We know that now we reject nothing that is good in any religion, and so it would seem to be perfectly permissible to revive a religion which existed successful for so many years. It is not manufactured as it was a real response of the human soul to God, that yearning of the human heart which asks the deep, fundamental questions. It could well be that a full presentation of Christianity is too much for people, especially with cultural differences and the negative connotations which some societies have for the faith of Christ. Surely it would be better to have any response to God, than none at all? And perhaps, dare I say it, something which has had no connection with Christianity, and so no allegations of suppression or conflict.
So perhaps a reviving of Ba’al worship is the way forward.
Then we can have a dialogue with it, and learn from it.
Wouldn’t that be nice.
Thursday, 8 September 2016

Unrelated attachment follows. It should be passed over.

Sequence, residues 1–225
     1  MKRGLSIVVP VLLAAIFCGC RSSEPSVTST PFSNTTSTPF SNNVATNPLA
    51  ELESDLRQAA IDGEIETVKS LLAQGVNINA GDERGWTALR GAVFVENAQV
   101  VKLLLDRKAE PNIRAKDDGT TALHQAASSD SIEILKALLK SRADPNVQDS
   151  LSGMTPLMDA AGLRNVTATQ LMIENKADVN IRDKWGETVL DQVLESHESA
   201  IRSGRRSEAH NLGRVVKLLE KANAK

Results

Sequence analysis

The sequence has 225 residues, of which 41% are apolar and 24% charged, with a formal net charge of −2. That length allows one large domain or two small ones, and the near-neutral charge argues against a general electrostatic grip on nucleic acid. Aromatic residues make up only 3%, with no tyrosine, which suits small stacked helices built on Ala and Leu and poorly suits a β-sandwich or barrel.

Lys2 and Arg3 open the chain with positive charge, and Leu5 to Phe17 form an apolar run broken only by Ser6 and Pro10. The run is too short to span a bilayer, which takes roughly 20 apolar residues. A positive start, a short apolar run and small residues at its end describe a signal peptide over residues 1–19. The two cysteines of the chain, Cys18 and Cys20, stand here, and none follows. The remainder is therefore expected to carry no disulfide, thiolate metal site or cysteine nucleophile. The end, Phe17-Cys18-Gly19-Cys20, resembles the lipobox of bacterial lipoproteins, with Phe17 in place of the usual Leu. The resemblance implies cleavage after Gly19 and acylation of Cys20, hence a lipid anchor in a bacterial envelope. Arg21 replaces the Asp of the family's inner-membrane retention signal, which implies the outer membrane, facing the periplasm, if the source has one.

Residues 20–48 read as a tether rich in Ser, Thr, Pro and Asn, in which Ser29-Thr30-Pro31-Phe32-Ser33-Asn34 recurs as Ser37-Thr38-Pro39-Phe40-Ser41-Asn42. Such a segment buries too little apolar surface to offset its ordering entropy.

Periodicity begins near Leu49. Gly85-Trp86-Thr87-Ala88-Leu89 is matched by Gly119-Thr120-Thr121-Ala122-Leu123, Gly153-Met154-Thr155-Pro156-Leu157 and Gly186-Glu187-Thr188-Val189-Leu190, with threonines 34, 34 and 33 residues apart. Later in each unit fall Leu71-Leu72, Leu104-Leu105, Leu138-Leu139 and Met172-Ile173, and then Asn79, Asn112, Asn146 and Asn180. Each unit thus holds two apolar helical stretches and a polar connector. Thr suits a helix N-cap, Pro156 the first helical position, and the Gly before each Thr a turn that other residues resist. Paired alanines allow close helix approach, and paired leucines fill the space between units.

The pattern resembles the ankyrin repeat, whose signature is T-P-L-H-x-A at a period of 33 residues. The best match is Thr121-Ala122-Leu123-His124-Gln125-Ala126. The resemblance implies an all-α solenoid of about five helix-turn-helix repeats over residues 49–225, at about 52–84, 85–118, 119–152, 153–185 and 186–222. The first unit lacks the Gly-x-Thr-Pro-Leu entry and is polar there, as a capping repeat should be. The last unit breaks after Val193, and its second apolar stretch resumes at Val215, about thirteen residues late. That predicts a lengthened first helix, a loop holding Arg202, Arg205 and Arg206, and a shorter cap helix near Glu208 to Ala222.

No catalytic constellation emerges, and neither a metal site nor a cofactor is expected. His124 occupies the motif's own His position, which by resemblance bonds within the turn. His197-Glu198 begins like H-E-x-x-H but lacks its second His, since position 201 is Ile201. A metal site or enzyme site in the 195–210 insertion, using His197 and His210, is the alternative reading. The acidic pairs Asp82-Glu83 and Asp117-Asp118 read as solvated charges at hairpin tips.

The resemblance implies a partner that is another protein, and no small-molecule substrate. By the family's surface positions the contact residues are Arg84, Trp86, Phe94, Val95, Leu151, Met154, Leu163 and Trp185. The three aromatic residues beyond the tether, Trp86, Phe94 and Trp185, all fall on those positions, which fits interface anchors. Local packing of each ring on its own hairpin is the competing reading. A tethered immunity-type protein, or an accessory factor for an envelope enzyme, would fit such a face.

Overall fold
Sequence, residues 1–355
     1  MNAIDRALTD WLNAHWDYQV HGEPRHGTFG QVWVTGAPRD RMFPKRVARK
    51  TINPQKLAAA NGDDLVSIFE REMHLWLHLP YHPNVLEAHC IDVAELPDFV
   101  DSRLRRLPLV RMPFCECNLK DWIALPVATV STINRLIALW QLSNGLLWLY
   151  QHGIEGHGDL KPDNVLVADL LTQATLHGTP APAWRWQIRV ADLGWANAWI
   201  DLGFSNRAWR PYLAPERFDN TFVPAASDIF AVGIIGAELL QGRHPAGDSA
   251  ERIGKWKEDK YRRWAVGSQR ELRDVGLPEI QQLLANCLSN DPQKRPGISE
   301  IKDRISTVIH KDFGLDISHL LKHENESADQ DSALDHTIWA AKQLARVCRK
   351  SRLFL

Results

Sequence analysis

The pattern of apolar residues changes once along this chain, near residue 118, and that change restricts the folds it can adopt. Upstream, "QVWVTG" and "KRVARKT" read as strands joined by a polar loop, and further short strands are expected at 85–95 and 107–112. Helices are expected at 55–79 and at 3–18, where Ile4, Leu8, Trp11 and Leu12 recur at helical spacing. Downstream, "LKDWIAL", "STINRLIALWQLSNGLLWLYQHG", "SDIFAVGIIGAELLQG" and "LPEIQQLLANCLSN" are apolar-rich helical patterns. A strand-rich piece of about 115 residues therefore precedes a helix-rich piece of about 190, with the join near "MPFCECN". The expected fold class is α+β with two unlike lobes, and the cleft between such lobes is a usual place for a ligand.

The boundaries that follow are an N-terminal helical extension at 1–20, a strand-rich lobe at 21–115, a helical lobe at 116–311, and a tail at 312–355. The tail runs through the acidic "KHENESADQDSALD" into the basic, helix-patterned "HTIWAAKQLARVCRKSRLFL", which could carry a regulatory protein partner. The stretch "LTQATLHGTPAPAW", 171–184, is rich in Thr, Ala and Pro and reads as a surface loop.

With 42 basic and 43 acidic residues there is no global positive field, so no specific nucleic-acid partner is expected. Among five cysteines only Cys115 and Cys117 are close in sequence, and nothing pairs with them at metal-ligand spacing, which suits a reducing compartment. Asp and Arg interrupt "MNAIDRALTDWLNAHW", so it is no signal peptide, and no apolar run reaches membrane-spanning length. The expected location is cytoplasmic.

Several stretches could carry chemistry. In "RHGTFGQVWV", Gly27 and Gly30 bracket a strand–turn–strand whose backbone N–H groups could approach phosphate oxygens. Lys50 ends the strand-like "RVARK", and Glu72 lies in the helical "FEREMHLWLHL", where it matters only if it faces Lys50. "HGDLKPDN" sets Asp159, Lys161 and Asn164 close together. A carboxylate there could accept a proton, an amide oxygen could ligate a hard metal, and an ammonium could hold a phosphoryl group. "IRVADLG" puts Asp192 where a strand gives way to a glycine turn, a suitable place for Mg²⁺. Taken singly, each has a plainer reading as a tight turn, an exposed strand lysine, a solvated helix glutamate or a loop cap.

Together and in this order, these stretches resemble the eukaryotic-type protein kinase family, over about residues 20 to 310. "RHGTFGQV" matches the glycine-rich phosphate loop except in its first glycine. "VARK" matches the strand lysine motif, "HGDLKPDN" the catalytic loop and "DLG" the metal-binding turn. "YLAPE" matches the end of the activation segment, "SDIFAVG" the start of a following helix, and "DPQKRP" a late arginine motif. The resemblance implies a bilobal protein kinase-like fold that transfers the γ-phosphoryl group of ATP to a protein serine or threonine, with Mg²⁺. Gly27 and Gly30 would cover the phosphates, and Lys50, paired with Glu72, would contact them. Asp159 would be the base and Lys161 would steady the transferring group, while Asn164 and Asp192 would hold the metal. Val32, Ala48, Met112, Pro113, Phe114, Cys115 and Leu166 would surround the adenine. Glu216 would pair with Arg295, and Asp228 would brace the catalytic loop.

Following the great success of Our Lady's vestment, (see here, here, here) I am now embarking on one for Christ the King. It will be a version of the picture at the top of this post. It comes from a priestly ordination card and I have not seen it elsewhere. I made a set of Altar Cards in a kind of an Art Deco style (I'll take a photo at some time) with the same image on, and thought that it would be spiffy indeed to have a chasuble. Also I have some edging the same as the stuff on the Marian vestment but in a kind of pink, so that would be groovy, and if I use the same material and style, then they'll both look as if they came from the same place.
I'll keep you up to date...
Wednesday, 7 September 2016